Wine growers in California could turn to robots to help them deal with shortages of water and workers.
Researchers from the University of California have been working on a project to build a system for autonomous irrigation since 2016, and hope to have it in use on a farm by summer 2020.
Called Rapid (Robot-Assisted Precision Irrigation Delivery), the system uses water emitters attached to holes in irrigation lines between crops which control the amount of water discharged, while a small autonomous robot monitors the whole process.
The team behind it is in dialogue with farmers in the West Coast state – which has been hit by severe drought as well as a shortage of workers – to help hone the system to suit their needs.
The system is also exploring the possibility of fitting plastic caps to each emitter that could be turned and adjusted by a robotic arm and a “grasping hand” attached to the mobile bot.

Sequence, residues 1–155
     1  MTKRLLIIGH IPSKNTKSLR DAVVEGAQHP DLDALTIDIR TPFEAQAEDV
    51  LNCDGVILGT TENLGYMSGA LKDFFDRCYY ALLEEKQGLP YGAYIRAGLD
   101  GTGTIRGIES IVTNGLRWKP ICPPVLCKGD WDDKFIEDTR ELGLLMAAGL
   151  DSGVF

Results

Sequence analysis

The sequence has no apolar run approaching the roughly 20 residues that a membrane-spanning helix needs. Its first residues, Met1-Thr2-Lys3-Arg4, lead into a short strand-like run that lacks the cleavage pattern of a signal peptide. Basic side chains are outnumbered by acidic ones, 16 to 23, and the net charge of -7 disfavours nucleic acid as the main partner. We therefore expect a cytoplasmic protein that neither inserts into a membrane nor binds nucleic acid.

Stefano Carpin, a professor of electrical engineering and computer science, told IEEE: “I’m a roboticist, so whenever there’s a problem, I study whether a robot could solve it.”
The research has been aided by a million dollar (£700,000) grant from the US Department of Agriculture.
The first prototype is expected to be ready for testing next year. Before then, the researchers will present their work at the International Conference on Robotics and Automation in Brisbane, Australia, at the end of May.